By: Baba Galleh Jallow
A life under colonial occupation, exploitation and repression. A mostly negotiated freedom. A squandered future. That is the story of African independence. Yet, some sixty years later, every year all across the continent, governments preside over glamorous and expensive ceremonies celebrating “victory” over colonial rule. The reality is that with a few exceptions, African countries were handed their “freedom” from colonial rule on a silver platter. Even more tragically, the great majority of African countries if not all of them, are free only in name, and politically, having to beg and borrow to keep their governments running, and carrying back-breaking loads of debt that they can barely finance, year in, year out. What independence “victory” is there then, to celebrate in such lavish fashion?
It is an indisputable fact that the great majority of Africans have not enjoyed the benefits – the rights, freedoms, prosperity and good life – in whose name their independence was sought. In 2023, the culture of colonial autocracy and financial exploitation of the poor continues to manifest itself in the parochial mentalities of many African leaders. Like the old white colonial leaders, most African leaders are more preoccupied with their own political survival and economic wellbeing than with the welfare of their people. Today, over sixty years since independence was first attained by an African country, the majority of Africans are living under the most unimaginable poverty and difficulties, rendered more insidious by the relentless cancer of corruption and greed in government circles in cahoots with unscrupulous private sector actors. Perhaps to maintain our own sanity in the face of these baffling contradictions, it helps to revisit the story of African independence and its aftermath.
By the end of the 1940s, no one needed much convincing of the need for decolonization. The United States was insisting on an end to imperialism as a precondition for aid to war-ravaged Europe; and the European colonial powers were themselves finding the burden of colonial rule too heavy to carry. The political glamour and material benefits of colonialism had significantly declined, and Europe saw that maintaining colonial territories had outlived its usefulness. Europe also knew that through their colonial policies and future plans, they were assured that Africans could only be independent politically, not economically. The emergent world economic system had firmly relegated Africa to the status of dependency, a status African governments have proven incapable of outgrowing. This, not because Africa lacks the capacity or resources, but because the politics of greed, selfishness, corruption, marginalization and exclusion became the order of the day immediately after independence.
American insistence on decolonization and European disenchantment with colonial rule aside, there emerged during and immediately after the Second World War an array of newly minted international rights instruments from which African nationalists freely drew to justify their demands for independence. They cited the universal rights and freedoms in the Atlantic Charter, they reaffirmed their subscription to the egalitarian creeds of the European enlightenment and the Commonwealth, and brandished these in the face of the colonial powers as evidence that Africans had a right to govern themselves. The Atlantic Charter’s affirmation that all peoples have a right to self-determination was particularly potent in the hands of the eager African nationalists. In addition to the Atlantic Charter, the Universal Declaration of Human Rights (1948) was a favorite hobbyhorse for African nationalists and they rode it to good effect. In the end, self-rule was granted to African countries either as a result of agitation and peaceful diplomacy or as a result of armed conflict as happened in some settler and all Portuguese colonies on the continent. Thus, the late fifties and early sixties gave birth to the glittering spectacles today called independence celebrations across the continent. Especially in former British colonies such as The Gambia, the independence era nationalist leaders helped organize the first such glittering spectacles and kept them going for as long as they stayed in power. Successive African leaders have uncritically mimicked their political ancestors.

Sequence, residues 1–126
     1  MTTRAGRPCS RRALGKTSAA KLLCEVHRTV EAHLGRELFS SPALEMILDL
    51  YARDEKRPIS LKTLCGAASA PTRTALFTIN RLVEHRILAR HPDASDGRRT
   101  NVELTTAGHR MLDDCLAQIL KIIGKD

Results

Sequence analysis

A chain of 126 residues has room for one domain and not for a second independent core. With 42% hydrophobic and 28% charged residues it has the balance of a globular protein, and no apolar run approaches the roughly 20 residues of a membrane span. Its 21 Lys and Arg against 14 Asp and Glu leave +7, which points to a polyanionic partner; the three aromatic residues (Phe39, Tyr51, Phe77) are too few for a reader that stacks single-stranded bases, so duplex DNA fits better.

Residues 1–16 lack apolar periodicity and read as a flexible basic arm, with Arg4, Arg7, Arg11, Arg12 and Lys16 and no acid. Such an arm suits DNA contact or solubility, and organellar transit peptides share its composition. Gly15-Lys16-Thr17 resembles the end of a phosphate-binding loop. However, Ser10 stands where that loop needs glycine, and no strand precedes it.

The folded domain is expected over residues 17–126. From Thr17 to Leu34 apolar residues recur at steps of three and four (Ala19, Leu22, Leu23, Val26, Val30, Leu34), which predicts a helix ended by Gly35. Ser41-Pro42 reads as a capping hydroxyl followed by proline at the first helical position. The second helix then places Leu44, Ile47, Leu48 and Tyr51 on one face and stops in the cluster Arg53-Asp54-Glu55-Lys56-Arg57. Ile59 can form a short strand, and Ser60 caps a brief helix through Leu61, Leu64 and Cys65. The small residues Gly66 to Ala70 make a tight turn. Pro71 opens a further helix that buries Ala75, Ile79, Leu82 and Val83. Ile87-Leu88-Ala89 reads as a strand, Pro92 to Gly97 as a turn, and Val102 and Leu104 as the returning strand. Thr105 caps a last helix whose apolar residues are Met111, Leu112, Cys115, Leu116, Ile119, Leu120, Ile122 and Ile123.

During Gambia’s first independence ceremonies in 1965, the Queen dispatched the Duke and Duchess of Kent as her official representatives, and both London and Bathurst (now Banjul) actively encouraged the attendance of white dignitaries. Only after a long list of often expensive ceremonies in which the Duke dutifully re-enacted the entire spectacle of imperial power as he understood it was independence formally granted, through a royal charter signed by Her Majesty the Queen. The days leading up to February 18, 1965 were days of pomp and ceremony in Bathurst and its environs. Guards of Honor were mounted for the duke with the Prime Minister by his side. Expensive gala dinners were organized at which the majority of the guests were colonial officials and other white people. The fact that more Europeans than Africans were invited to these sumptuous dinners angered many Gambian nationalists who loudly and publicly complained about the fact.